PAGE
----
Overcoming cognitive bias in group decision-making Noah Raford, firstname.lastname@example.org Department of Urban Studies and Planning, MIT http://news.noahraford.com Sept 14, 2009Overcoming cognitive bias in group decision-makingClimate change requires systemic understanding of linked cause and effect, remote inboth time and space. Studies of human decision-making reveal several shortcomingswhich limit our ability to make effective decisions under such conditions (Dorner, 1997).This includes, among others; the availability bias, whereby we estimate the futureprobability of events based on easily remembered experiences from our past (Tversky &Kahneman, 1974), expectation bias, whereby we look for and select data which conﬁrmsour pre-existing expectations and ignore or discount data that does not (Rosenthal, 1966),the ambiguity effect, whereby we avoid considering variables for which we have partial orincomplete information (Frisch & Baron, 1988), and groupthink biases, whereby we seek tominimize conﬂict and reach consensus without critically testing, analyzing, or evaluatingideas (Janis, 1972). These and many other well documented biases produce a tendency towards“disjointed incrementalism”, whereby the most narrow range of alternatives areconsidered, policies are conﬁned to limited, short term amelioration, decision-makers arerisk averse, and there is a general failure to consider side effects and long-termrepercussions of inaction (Lindblom, 1959). The result can be poor decision process, poordecision quality, ineffective action, blindness to change, and a reversion to the status quoin the face of even the most grave dangers.The need for new approaches The magnitude of the threat posed by issues such as climate change, criticalinfrastructure failure, and economic volatility require intelligent treatment of these biases iforganizations and governments are to be successful in their decision-making. Twomethods are proposed. First, the use of scenario planning or scenario thinking processesas a precursor to policy evaluation, and second, the use of web- and game-based media“Overcoming cognitive bias in group decision-making” by Noah Raford is licensed under a Creative CommonsAttribution-Non-Commercial-Share Alike 3.0 Unported License.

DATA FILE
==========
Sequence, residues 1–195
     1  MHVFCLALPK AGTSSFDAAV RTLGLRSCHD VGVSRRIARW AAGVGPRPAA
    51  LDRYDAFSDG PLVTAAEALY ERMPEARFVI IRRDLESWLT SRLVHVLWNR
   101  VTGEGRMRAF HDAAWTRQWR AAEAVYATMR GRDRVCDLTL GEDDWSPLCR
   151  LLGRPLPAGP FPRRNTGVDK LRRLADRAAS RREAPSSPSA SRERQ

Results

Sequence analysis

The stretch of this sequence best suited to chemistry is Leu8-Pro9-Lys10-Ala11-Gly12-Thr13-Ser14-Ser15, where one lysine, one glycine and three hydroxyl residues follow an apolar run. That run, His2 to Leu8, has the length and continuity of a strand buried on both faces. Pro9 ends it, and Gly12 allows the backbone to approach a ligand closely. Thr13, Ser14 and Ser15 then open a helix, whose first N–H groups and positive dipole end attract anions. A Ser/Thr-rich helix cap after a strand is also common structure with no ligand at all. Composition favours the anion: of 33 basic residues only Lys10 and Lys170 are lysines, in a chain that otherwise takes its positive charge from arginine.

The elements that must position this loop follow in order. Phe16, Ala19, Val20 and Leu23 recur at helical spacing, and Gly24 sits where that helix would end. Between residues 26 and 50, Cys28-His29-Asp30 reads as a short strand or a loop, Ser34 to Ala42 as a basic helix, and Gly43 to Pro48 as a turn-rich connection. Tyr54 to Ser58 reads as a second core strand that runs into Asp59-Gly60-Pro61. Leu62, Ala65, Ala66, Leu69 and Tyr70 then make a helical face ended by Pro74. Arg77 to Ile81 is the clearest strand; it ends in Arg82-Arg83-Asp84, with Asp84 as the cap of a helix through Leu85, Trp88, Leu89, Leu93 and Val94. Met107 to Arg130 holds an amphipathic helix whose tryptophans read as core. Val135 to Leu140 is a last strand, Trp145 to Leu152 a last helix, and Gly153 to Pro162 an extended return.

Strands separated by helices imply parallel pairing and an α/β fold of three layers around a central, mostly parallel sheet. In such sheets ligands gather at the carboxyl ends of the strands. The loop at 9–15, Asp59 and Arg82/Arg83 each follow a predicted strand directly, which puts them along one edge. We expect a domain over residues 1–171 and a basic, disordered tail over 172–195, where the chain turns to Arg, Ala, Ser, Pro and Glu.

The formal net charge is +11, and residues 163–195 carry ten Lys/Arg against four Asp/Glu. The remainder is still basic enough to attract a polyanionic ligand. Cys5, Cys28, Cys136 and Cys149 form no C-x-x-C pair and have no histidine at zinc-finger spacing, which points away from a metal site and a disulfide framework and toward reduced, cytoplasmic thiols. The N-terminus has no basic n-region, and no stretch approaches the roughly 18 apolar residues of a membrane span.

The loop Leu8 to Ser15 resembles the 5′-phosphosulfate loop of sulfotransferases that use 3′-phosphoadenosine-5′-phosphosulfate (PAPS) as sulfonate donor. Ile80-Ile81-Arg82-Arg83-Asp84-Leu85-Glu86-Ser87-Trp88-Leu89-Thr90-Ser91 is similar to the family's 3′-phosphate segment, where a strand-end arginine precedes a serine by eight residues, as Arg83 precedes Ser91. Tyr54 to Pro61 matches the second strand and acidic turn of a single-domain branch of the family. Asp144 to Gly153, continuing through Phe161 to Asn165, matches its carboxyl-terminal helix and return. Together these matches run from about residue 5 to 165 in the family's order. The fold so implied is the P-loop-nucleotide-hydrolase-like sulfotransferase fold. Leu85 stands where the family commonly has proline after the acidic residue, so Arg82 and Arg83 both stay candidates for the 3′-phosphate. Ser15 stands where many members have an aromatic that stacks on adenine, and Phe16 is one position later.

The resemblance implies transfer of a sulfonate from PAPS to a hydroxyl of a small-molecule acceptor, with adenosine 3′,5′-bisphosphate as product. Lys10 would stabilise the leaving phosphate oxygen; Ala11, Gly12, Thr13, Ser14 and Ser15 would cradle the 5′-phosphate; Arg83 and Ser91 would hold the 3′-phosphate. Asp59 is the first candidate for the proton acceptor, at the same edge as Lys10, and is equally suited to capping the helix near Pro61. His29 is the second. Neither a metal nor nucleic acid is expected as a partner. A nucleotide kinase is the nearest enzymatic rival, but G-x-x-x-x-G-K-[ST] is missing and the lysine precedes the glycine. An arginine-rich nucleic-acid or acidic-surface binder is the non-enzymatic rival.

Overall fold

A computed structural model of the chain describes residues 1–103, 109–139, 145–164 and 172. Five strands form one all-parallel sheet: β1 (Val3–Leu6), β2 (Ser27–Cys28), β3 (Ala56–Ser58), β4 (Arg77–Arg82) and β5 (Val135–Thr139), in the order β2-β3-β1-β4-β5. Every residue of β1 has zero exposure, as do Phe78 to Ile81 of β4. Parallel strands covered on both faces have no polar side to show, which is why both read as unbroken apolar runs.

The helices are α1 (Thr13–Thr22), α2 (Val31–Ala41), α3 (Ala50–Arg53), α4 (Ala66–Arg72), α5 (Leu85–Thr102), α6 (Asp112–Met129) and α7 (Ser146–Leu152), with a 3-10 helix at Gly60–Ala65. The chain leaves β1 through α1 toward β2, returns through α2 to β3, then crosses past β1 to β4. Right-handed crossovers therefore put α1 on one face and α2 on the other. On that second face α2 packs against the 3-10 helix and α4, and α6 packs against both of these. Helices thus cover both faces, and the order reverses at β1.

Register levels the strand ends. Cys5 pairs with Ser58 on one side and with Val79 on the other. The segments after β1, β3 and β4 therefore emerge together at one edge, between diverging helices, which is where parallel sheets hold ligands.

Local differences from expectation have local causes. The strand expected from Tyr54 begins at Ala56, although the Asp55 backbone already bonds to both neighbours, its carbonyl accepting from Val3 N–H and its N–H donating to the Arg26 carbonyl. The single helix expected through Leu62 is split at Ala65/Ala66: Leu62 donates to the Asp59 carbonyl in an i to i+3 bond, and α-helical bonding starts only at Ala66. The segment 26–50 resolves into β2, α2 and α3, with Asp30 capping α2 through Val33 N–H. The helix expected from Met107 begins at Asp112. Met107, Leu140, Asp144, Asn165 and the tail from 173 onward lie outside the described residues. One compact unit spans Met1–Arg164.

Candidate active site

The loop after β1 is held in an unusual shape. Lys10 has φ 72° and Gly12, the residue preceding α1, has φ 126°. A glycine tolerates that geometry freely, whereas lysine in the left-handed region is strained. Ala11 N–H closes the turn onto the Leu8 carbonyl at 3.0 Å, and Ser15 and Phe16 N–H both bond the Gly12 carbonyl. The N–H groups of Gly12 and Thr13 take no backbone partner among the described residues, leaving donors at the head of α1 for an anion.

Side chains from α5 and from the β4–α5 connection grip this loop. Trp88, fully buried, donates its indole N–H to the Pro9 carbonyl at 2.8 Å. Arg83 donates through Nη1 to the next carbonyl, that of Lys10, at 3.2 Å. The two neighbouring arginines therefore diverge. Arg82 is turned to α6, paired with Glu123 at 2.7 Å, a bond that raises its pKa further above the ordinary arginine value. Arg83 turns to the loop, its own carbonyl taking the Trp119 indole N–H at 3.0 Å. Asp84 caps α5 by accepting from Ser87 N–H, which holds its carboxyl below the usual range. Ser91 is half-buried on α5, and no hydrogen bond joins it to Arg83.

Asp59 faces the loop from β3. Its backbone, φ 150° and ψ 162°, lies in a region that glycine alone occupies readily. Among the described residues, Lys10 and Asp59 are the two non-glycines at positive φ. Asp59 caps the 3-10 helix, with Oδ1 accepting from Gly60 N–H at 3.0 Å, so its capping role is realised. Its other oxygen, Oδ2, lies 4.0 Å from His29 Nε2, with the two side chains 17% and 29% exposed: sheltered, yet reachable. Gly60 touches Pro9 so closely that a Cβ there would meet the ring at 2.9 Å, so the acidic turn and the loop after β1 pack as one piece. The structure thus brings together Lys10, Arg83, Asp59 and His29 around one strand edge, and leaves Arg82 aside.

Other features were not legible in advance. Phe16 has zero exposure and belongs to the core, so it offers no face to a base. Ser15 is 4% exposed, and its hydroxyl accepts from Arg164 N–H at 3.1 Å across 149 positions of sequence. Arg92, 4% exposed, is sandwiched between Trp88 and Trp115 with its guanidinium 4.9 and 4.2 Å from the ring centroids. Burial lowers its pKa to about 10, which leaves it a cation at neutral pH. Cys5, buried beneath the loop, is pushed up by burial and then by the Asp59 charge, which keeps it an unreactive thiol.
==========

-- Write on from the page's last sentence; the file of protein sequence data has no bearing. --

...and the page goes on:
to encourage greater participation from non-traditional actors in the decision-makingprocess. Scenario planning is a structured stake holder engagement process designed toaddress issues which are uncertain, complex and irregular (Wack 1985). In view of suchconditions, the “illusion of certainty” (Schwartz 1990) and the “tyranny of the past” aretaken to be the biggest impediments to preparation for the challenges ahead (Wilkinson,Heinzen and Van der Elst 2008: 2). One of the most prominent scenario planners, PeterSchwartz from the Global Business Networks, emphasises that scenario planning consiststo a large extent in challenging dominant perceptions of “the ofﬁcial future” (ibid.: 59).Employed to combat the “perils of too narrow thinking” (Lohr 2003: 1), scenario techniquesinvolve efforts to incorporate information from the “fringes” in order to weave multipleplausible stories about the future (Schwartz 1991: 69). By consciously employing narrativestrategies and story-telling techniques, scenarios present the future as a series ofcompelling and plausible imaginings. “Scenarios arenʼt predictions. They are plausible,relevant provocative stories – in the scenario lingo possible futures. ” (Ertel and Walton2006). Despite their essentially imaginative nature, the scenario process is claimed to offera “knowledgeable sense of risk” in an uncertain world (Schwartz 1990), by walking stakeholders through a structured process of uncertainty evaluation and options consideration.This approach has demonstrated repeated effectiveness at combatting cognitive bias insenior management and corporate staff, although empirical measurement of its impactsare still rare. Existing evidence, where available, and signiﬁcant anecdotal support frompractitioners and clients, suggests that the process is effective at opening up a range ofoptions up for discussion, creating a common intellectual framework (or shared mentalmodel) and thereby producing more creative, perceptive and adaptive policies and plans. An effective compliment to scenario planning may also be found in the use of web-and game-based participation approaches to encourage larger participation in thedecision-making process. One of the key challenges to effective decision-making is awide sensory network to synthesise diverse decision perspectives. Scenario planningaddresses this through the integration of various contrary and challenging attitudes, but isoften limited to a small group of senior decision-makers. Web- and games-basedapproaches offer a solution to this challenge. Research has found that games canfacilitate increased motivation, promote active and participatory learning, encouragesocialization and group problem solving, and facilitate complex negotiation and high level“Overcoming cognitive bias in group decision-making” by Noah Raford is licensed under a Creative CommonsAttribution-Non-Commercial-Share Alike 3.0 Unported License.